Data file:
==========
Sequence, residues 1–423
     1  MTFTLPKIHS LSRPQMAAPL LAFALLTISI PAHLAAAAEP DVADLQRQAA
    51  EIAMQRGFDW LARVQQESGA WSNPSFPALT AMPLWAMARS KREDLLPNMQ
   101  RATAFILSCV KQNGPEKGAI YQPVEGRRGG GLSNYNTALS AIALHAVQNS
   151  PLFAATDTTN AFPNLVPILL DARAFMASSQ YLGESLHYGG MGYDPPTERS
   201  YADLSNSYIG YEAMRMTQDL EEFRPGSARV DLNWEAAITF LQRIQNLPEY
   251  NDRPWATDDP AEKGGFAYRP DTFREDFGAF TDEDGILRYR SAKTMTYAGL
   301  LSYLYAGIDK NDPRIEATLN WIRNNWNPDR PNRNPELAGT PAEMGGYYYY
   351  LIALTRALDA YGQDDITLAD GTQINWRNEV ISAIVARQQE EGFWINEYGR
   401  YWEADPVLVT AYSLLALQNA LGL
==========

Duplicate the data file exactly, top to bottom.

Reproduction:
Sequence, residues 1–423
     1  MTFTLPKIHS LSRPQMAAPL LAFALLTISI PAHLAAAAEP DVADLQRQAA
    51  EIAMQRGFDW LARVQQESGA WSNPSFPALT AMPLWAMARS KREDLLPNMQ
   101  RATAFILSCV KQNGPEKGAI YQPVEGRRGG GLSNYNTALS AIALHAVQNS
   151  PLFAATDTTN AFPNLVPILL DARAFMASSQ YLGESLHYGG MGYDPPTERS
   201  YADLSNSYIG YEAMRMTQDL EEFRPGSARV DLNWEAAITF LQRIQNLPEY
   251  NDRPWATDDP AEKGGFAYRP DTFREDFGAF TDEDGILRYR SAKTMTYAGL
   301  LSYLYAGIDK NDPRIEATLN WIRNNWNPDR PNRNPELAGT PAEMGGYYYY
   351  LIALTRALDA YGQDDITLAD GTQINWRNEV ISAIVARQQE EGFWINEYGR
   401  YWEADPVLVT AYSLLALQNA LGL